How about you? Have you ever been so disappointed in a campground that you chose to just cut your losses and leave? Let us know about it in the comments below.



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8 days ago

I’ve been disappointed in some, but it’s never been bad enough to leave. I guess I read reviews well enough. Some of our one-night stays, chosen for their low cost, were well, cheap. But we knew that going in, and one night is usually tolerable.

9 days ago

We stayed at a campground in Southern Utah that is ranked in the national top ten on Campspot. It has hundreds of raving, adoring, 5 star reviews. I inadvertently did not pay the extra $20 lock in fee ( at the time I didn’t really understand what it was, now I do) & we were moved from the site I reserved to a site right up against the construction for the new septic leach lines with all the smells & noise. When I complained the owner lost his mind & insisted we leave immediately because he didn’t want someone staying there that might leave a bad review. He screamed and carried on for half an hour & because I don’t like to be bullied we stayed. It was beyond strange. We were tired of traveling, so we put up with the bad vibe and smell for a few days & left early. I should have read the few 1 star reviews because other people complained about the crazy owner.

Matt Colie
9 days ago

We are travelers more than campers, so we have spent single nights at more than a few campgrounds. (I like to find one every third night so we can dump.) I have never written a one-star. I have rarely written five-star. I have read about every place we stayed before we stopped. If you see a place with a few low scores, read the whole review. At one time, we seemed to be following a group that scored on the swimming pool and game room. Many times a low score is based completely on a single issue.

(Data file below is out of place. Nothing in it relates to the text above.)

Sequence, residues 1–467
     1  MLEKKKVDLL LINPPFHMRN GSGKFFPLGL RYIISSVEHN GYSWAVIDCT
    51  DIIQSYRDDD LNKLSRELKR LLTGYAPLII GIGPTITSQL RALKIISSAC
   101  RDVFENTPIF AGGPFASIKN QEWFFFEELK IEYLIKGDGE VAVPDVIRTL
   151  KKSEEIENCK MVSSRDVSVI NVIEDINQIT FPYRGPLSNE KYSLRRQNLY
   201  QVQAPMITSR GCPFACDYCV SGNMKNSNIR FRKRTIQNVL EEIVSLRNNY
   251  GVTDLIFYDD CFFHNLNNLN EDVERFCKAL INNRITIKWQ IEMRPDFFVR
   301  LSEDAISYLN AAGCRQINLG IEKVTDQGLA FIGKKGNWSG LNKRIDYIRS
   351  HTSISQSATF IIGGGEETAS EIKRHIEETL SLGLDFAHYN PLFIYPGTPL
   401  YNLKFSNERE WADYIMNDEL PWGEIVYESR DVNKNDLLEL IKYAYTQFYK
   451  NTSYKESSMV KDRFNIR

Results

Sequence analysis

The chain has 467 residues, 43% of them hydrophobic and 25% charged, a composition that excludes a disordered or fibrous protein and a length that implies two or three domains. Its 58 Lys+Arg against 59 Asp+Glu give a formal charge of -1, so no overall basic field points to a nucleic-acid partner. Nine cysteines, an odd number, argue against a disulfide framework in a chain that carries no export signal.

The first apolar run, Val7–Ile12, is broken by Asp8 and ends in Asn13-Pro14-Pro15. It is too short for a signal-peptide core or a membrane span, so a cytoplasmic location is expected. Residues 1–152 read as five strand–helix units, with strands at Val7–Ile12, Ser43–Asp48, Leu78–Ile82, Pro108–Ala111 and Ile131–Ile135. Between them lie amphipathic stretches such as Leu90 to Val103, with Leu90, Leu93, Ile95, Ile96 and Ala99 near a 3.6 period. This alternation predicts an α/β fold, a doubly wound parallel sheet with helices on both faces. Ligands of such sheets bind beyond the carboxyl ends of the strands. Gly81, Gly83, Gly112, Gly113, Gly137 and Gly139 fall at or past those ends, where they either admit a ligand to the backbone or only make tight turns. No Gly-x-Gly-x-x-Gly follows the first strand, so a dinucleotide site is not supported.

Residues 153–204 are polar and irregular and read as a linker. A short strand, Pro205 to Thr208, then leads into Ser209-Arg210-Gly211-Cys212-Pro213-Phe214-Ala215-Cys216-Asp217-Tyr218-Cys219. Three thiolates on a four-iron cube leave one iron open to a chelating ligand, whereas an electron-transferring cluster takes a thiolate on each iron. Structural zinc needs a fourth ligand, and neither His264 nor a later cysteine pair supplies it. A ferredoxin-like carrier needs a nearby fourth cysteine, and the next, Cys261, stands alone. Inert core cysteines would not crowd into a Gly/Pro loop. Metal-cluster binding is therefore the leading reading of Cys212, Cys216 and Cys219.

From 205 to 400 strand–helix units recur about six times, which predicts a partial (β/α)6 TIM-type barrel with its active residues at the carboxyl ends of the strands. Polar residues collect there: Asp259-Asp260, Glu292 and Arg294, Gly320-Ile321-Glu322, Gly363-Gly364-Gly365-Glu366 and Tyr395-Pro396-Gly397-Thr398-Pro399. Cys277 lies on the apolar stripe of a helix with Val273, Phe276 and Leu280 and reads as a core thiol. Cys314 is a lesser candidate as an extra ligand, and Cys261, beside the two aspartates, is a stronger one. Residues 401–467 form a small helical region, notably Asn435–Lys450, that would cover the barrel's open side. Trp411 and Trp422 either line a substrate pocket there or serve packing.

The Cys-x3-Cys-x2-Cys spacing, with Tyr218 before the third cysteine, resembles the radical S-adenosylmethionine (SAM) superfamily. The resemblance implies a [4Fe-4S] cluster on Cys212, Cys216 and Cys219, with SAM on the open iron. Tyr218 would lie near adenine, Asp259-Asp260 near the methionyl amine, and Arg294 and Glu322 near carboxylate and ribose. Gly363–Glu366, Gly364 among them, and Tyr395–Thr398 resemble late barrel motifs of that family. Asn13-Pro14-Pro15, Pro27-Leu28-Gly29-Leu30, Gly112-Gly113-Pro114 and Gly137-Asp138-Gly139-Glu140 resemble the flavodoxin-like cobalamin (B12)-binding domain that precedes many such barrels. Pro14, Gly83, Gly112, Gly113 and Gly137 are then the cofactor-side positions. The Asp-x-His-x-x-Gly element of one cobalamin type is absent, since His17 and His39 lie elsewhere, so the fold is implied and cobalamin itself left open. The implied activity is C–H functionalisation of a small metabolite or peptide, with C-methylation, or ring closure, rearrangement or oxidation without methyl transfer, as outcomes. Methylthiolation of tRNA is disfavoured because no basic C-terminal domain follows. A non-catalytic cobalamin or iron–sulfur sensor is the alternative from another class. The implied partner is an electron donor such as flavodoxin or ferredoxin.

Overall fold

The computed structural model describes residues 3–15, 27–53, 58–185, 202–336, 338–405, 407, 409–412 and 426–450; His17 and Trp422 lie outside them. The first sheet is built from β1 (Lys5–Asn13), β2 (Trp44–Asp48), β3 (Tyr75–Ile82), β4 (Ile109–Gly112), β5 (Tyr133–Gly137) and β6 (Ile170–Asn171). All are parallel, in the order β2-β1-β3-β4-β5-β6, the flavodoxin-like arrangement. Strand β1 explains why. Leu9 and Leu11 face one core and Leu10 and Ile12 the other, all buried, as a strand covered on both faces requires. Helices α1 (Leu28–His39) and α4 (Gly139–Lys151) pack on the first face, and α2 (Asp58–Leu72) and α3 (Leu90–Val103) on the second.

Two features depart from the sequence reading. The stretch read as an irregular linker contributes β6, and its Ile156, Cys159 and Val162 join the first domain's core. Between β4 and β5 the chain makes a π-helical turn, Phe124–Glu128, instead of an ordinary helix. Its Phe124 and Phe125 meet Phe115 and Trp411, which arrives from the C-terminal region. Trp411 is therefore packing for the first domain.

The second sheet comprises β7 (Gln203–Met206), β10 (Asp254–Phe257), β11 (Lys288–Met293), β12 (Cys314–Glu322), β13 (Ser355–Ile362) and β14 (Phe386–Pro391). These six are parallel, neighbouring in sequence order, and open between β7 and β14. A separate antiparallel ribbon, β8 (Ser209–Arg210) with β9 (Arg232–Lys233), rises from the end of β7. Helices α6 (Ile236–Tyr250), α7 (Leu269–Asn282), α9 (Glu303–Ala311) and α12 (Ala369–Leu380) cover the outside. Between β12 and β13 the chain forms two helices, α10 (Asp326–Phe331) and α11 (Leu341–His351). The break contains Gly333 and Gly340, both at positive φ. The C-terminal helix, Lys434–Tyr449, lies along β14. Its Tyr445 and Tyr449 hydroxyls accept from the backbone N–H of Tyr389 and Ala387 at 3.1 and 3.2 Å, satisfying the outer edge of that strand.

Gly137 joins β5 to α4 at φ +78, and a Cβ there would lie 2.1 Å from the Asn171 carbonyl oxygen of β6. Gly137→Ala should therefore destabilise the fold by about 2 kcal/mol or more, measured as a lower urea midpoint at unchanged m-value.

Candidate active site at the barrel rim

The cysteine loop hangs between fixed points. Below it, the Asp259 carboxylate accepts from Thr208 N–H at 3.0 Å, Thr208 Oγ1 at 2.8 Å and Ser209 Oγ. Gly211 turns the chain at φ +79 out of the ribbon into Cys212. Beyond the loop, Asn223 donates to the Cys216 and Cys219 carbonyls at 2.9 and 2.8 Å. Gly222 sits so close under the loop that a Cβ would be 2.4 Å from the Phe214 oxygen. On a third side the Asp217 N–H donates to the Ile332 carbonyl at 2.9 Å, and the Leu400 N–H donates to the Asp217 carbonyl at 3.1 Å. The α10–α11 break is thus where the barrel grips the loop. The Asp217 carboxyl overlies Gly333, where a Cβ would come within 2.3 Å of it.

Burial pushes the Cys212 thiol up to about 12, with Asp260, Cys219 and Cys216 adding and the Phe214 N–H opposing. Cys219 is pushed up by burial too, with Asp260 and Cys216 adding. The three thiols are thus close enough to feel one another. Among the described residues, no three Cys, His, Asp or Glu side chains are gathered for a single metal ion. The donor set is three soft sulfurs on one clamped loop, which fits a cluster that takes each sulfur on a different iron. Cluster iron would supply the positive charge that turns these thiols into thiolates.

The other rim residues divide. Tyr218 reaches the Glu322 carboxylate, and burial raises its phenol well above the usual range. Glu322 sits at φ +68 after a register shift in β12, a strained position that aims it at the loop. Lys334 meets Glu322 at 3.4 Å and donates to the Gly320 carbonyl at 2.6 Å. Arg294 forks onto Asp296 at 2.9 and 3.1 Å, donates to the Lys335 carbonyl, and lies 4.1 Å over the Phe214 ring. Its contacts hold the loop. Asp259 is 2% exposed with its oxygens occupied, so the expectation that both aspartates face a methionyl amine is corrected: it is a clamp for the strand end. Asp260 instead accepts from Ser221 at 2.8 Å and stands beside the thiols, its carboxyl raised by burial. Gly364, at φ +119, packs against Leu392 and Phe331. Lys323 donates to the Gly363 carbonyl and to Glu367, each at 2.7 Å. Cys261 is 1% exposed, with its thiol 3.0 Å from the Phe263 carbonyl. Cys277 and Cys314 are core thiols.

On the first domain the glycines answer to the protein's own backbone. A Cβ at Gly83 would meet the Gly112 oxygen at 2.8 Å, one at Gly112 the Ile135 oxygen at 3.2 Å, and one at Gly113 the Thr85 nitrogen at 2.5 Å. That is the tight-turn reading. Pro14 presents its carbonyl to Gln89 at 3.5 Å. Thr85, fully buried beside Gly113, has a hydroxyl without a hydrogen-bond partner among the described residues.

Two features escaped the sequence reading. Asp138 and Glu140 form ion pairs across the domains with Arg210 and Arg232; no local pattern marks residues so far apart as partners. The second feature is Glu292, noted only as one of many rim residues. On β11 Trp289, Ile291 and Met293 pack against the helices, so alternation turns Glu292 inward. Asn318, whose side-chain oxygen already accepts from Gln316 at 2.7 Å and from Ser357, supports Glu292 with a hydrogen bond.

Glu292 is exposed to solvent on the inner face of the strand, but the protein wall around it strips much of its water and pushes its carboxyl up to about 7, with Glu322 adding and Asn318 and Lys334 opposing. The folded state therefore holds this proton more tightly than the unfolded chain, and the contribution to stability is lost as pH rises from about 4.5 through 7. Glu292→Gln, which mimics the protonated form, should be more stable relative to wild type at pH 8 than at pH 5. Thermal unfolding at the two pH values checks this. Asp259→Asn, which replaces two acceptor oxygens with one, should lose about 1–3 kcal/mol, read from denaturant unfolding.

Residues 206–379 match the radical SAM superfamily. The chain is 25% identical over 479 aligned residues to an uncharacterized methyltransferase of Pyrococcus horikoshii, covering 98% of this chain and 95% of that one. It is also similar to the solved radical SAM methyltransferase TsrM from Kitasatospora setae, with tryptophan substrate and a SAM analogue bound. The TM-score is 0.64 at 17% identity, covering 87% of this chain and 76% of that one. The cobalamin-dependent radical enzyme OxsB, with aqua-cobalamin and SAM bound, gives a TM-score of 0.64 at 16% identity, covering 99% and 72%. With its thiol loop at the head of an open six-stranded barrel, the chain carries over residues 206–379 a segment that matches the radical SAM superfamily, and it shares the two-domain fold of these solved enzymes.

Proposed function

Bob P
9 days ago

We usually read the reviews and if the 5 star reviews sound too good to be true they usually are. If the 1 star outweigh the 5 star be forewarned.

Mike Payne
9 days ago

I always put the campground’s address in Google maps & look at the aerial shots & zoom in & sometimes the 360* view to get another wide view from the ground view. You can see the surrounding area & trees/shade, road conditions, etc.

9 days ago
Reply to  Mike Payne

Google Maps uses the same satellite data as Google Earth. There may be a lag of up to a few years before you see the new images and the way a location looks in real life.

Bring up Google Earth and look in the lower right corner for the imagery date. Mine says says 12-13-2015. You can’t judge the lay of the land in real time by looking at Google Maps or Google Earth.

9 days ago

We keep a log of the places we have stayed and make our own comments as to good, bad and ugly. This list drives our likely return (or not) and has two parts: 1972 -2004 (history) and 2004 to current year (active)

Ellen L
9 days ago

We left a campground in Waldo, FL after 2 weeks of our 1 month stay and forfeited the rest of the money. Gravel everywhere, very little grass, poor drainage and the mud bog racing just adjacent to the park started their season on Memorial Day. Did I mention the squirrels? Loads of squirrels that drove our beagles crazy. The lady 2 rows over fed them. The good side to this story, that’s how we found our permanent home park at Ocala North RV Resort in Reddick, FL. Good things can come out of bad experiences.